v1nce, this adjustable angle is called float on clipless pedals, and can vary a lot. SPD have the worst of float in comparison to other pedals (4 degrees). Also, to be able to use powergrips like clipped pedals, you need to have your foot well rotated to the inside to get the strap to lock. But there is more variability, fore/aft / side to side.
Ahhh so that is this float bizz i keep reading about :) i know nothing about clipless. thanks for that info.
Received a pair of Suntour PL-NX-150 alloy folding pedals & Power-Grips today - courtesy of Mike Librik at Easy-Street Recumbents (http://www.easystreetrecumbents.com/stuff/drivetrain.html) in Austin Texas.
BIG thank you to Mike who patiently answered all of my questions. We must've exchanged a dozen emails.
To mount a Power-Grip, a pedal needs at least three mounting holes - two of them of the type use to secure a toe-clip.
The PL-NX-150's are drilled for toe-clips or the easily-removed reflectors which came installed.
The challenge with a folding pedal is the toe-clip/reflector holes are placed farther outboard than on a conventional pedal.
The Power-Grip instructions would have you put the metal band on the front of the pedal - mounted with supplied bolts to the toe-clip holes.
With a bit of tweaking, I found an easy solution: put the metal band on the BACK of the pedal with the strap attach-point inboard, instead of outboard. (the strap still has the same orientation as a stock install)
To prevent the metal band from interfering with the folding mechanism, I put three of the supplied washers under the inboard hole to add clearance for the sliding bolt. Difficult to describe but I hope the photos help.
Here's a link to the pedals on Suntour's site: http://www.srsuntour-cycling.com/standard.xml?vpID=132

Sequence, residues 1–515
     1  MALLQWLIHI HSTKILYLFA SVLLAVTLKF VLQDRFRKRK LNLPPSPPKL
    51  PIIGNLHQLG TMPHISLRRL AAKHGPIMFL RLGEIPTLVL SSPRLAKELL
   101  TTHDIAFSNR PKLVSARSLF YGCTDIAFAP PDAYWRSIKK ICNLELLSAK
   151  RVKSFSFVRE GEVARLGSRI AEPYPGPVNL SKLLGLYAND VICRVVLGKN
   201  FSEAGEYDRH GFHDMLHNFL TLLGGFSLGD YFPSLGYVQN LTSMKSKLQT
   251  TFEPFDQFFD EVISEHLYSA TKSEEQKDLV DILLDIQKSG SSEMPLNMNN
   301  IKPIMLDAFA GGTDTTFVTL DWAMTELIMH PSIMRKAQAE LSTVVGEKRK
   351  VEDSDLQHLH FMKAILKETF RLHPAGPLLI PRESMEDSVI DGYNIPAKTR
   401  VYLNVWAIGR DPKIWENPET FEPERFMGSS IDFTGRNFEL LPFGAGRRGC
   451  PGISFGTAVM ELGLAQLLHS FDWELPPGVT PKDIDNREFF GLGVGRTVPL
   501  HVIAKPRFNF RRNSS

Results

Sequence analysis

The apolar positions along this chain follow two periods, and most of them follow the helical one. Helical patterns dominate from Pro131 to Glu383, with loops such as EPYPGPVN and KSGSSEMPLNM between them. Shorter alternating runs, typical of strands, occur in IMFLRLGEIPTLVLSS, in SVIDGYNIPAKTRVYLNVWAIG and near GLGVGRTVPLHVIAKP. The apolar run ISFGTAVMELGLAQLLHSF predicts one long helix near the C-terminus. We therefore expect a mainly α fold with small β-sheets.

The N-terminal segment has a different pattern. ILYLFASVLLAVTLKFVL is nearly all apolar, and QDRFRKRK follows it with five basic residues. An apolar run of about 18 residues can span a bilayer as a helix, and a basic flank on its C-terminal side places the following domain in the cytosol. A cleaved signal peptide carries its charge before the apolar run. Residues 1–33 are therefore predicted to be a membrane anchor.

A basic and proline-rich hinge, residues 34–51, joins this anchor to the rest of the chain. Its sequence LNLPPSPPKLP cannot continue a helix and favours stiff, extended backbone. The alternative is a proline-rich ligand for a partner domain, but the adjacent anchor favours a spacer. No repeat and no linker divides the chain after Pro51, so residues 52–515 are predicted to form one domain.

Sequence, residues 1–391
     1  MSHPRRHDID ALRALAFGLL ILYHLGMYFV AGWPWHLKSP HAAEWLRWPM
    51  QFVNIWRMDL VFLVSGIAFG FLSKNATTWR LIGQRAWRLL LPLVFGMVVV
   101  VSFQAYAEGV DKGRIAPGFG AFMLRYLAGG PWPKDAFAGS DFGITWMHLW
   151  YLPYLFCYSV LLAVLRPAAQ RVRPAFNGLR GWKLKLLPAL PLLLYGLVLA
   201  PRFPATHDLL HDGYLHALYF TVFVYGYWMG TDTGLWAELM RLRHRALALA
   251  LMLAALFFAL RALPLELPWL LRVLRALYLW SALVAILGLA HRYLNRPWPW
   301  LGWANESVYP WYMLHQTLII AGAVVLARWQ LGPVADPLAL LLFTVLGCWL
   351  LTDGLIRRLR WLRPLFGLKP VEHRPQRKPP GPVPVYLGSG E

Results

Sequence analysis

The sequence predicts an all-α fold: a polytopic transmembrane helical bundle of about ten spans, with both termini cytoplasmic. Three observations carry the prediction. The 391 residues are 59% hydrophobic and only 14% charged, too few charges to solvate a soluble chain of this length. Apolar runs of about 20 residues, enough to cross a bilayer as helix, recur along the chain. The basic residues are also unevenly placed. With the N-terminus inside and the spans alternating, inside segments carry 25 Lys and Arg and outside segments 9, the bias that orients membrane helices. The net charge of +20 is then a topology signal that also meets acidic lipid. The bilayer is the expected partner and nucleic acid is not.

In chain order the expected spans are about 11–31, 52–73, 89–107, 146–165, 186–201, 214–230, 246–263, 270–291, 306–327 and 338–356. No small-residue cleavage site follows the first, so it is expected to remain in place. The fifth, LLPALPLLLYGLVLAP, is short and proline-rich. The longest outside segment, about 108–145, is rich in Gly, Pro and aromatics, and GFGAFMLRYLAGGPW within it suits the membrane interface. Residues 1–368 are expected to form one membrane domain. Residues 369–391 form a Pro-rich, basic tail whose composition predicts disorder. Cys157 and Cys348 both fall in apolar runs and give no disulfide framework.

...and the Power-Grip site: http://www.powergrips.com/
p.s. I ordered the XL PowerGrips and had to trim a few inches off. They're HUGE! Unless you wear a size 16-EEE shoe, I'd stick with the regular sized Power-Grips. :)
Revision two: adding a bend to the metal bar used to anchor the Power-Grip.
Instead of washers for slide-block clearance, the bend does the trick. Easy to do with a couple of wood blocks and a mallet.
Also replaced the Philips head bolts with stainless, Allen-head bolts.
What can I say? It's my day off and I'm obsessed with my bike. ;)
So to lock your foot into the grip, you must rotate the tip of your foot inward (counterclockwise looking downward at toe)? Normal use is the opposite, which I think reflects a more normal stance for cycling. Not sure how that'd feel.
Also, was the screw used to hold the cage to the pedal body a possible candidate to hold the strap, instead of the drilled hole next to it?
You know, why couldn't the plate be reversed as normally used? And the opposite side placed on the next inward bolt? Seems like it would still fold?
Looks Snazzy! thx for the pics. Do those pedals feature 'industrial bearings'? Bearings that are machined to good tolerance and can even be replaced once they wear out (long time)..? How much did they set you back again?
Ok, I see now (how to lock in) from the pics.
(see the revisions to the photo post above)